UAE continues to pursue a coordinated soft-power strategy throughout its sphere of influence, using political, economic, and military tools to promote its agenda in Somaliland at the expense of neighboring countries
By Jamal Ibrahim, Jamal@alleastafrica.com
HARGEISA – The parliament of the breakaway northern Somalia republic of Somaliland has given the green light to a proposal by the United Arab Emirates to establish a military base in the region.
The controversial plan for a UAE-funded military base in the enclave has fueled debates over possible negative impact it could have on the relations between the enclave and its neighboring countries.
A total of 44 members of Somaliland’s two houses voted in favor of the bill, with five MPs against and five abstaining.
According to officials, the United Arab Emirates plans to use the military base which is to be opened in Somaliland for airstrikes by Arab coalition against Shia Houthi rebels in Yemen.
Speaking at the parliament, Somaliland’s president Ahmed Silanyo said that UAE’s military base would help the enclave in boosting security and creating jobs.
Meanwhile, the development had sparked a tough debate among intellectuals, religious leaders and politicians in the region who warned that the move would hurt relations with Djibouti and Ethiopia that have repeatedly warned Somaliland against allowing for the United Arab Emirates to establish a military base in Somaliland.
Ethiopia, a major ally for Somaliland is the only country to have an embassy in Somaliland. Other countries that have relations with Somaliland have merely maintained consulatar missions in the enclave.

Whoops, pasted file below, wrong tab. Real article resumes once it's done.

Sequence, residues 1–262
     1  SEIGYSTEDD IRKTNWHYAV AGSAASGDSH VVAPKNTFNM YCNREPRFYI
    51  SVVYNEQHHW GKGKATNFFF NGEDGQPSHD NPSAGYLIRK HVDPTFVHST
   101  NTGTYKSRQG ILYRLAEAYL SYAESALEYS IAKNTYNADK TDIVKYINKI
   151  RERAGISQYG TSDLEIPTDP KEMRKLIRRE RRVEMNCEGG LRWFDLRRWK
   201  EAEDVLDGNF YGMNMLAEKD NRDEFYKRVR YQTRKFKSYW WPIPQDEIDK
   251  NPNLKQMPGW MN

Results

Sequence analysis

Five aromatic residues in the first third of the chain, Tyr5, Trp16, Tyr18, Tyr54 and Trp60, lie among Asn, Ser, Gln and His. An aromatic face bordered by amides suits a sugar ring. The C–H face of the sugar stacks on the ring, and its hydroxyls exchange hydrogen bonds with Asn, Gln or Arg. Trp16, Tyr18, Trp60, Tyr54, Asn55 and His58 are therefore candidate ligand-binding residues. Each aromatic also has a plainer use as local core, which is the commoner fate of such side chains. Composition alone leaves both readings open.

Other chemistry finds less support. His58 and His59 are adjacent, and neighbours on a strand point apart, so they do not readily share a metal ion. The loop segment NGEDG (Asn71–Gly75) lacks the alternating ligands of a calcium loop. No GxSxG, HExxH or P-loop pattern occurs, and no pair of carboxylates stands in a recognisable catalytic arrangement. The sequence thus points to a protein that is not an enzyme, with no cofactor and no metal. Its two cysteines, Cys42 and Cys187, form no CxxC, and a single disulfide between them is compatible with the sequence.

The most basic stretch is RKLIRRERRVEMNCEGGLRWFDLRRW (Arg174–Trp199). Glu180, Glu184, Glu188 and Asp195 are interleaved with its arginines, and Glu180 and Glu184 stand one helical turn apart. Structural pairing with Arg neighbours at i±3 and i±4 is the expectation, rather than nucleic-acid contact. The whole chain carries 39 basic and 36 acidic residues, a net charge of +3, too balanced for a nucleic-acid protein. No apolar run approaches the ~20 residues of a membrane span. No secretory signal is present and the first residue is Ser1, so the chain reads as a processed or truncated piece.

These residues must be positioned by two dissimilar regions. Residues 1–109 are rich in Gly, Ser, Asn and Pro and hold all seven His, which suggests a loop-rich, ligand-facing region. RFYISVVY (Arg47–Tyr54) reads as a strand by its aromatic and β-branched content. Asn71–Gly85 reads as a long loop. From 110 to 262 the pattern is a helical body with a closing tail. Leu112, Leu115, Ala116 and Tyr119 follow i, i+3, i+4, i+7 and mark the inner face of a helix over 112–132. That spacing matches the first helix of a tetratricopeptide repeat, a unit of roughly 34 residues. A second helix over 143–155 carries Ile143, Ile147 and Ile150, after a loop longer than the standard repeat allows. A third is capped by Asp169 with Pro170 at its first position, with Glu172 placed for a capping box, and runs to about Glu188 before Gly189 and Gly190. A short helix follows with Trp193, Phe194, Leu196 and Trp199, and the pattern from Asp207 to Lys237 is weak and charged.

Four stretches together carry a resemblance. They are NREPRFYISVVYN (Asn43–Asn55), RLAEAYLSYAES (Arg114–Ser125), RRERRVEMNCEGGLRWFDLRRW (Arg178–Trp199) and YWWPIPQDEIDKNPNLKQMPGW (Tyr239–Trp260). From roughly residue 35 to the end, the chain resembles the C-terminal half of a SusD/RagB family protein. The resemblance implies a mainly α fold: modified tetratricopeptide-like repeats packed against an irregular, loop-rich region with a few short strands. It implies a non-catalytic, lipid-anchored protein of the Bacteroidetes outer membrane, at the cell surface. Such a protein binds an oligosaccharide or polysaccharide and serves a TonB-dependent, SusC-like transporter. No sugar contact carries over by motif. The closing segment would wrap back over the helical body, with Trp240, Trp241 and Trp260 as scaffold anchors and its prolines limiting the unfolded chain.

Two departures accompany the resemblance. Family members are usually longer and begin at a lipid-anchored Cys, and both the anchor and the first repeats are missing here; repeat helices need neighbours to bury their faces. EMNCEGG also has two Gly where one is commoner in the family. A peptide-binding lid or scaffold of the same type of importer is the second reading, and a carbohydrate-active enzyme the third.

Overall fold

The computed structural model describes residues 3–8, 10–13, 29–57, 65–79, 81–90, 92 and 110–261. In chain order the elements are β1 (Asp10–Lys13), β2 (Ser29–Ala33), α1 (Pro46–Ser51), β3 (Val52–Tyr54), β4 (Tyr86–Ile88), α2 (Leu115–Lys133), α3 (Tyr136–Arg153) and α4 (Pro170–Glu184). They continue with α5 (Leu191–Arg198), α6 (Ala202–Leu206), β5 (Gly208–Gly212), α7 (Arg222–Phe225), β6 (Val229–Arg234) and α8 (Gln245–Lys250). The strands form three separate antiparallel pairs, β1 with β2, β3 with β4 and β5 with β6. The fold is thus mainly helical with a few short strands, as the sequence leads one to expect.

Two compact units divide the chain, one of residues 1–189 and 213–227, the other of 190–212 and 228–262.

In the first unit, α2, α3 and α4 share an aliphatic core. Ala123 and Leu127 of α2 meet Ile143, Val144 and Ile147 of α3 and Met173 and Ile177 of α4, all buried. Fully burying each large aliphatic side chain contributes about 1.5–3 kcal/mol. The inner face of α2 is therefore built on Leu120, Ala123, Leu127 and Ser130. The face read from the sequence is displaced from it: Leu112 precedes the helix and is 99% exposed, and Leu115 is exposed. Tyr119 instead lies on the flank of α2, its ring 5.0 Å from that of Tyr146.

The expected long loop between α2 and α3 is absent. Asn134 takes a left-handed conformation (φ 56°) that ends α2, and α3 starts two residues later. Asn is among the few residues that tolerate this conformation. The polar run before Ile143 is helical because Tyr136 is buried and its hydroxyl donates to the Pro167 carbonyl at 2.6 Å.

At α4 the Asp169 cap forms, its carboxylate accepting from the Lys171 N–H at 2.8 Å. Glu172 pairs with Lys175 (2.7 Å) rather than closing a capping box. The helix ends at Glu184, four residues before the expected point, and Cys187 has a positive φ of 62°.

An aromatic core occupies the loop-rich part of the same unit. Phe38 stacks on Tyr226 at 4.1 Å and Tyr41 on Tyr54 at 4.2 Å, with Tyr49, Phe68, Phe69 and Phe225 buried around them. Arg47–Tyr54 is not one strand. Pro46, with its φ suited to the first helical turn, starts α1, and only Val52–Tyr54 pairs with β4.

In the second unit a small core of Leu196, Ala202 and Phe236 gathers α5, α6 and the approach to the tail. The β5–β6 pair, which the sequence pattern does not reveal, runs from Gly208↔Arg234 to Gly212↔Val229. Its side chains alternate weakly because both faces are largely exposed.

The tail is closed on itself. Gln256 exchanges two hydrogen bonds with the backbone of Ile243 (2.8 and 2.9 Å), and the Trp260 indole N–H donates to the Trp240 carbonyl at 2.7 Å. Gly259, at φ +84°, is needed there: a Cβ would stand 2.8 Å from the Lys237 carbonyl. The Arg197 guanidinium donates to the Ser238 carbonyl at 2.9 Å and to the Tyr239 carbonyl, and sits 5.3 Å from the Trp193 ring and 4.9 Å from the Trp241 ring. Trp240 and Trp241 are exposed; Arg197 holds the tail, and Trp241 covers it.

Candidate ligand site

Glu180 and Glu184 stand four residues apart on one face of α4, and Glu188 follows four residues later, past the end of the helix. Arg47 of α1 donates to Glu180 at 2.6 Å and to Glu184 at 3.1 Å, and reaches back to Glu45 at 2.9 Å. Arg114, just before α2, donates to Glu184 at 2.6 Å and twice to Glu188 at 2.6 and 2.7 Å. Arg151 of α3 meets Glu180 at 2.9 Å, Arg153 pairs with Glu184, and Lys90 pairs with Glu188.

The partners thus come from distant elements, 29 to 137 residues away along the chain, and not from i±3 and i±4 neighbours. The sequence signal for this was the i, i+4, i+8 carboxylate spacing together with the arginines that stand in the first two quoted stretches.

Ethiopia also assists Somaliland in maintaining security in Somaliland, a region often considered an oasis of peace in the volatile region.
Foreign minister Sa’ad Ali Shire, a long-time critic of the proposal who initially warned that Somaliland would not afford to lose its relations with neighboring countries, namely Ethiopia and Djibouti.
“This endorsement by the parliament will only contribute to regional conflicts – it makes no sense.” said Ahmed Ali, a Somaliland parliamentarian.
During Suday’s parliament session, Video footages shared on the social media showed soldiers slapping and pushing down lawmakers including an elderly legislator who opposed the proposal.
The United Arab Emirates had earlier signed a 30-year contract with Somaliland to manage its largest port, Berbera.
According to economic analysts, Berbera’s management by UAE is parts of retaliatory measures against Djibouti which annulled the Dubai-based ports operator DP World’s terminal contract followed by arbitration proceedings by the Djiboutian government over alleged corruption by the company.
UAE has since cut diplomatic relations with Djibouti and picked Somaliland as its alternative base other than Somalia which signed multiple agreements with Turkey, a long time strategic rival of UAE to run its key economic hubs including Mogadishu port and the International airport.
Ethiopia and Djibouti had maintained warm relations with the breakaway republic before it moved to establish economic relations with the United Arab Emirates which analysts said had an impact of their relations.
According to officials, Djibouti’s government has repeatedly warned Somaliland leaders over their decisions to embrace UAE as a closer ally, and allow UAE to maximize its strategic interests in the untapped horn of Africa market.
Djiboutian and Ethiopian officials were not available for comments.
(Judy Maina contributed to this report from Nairobi, editing by John Thiongo)
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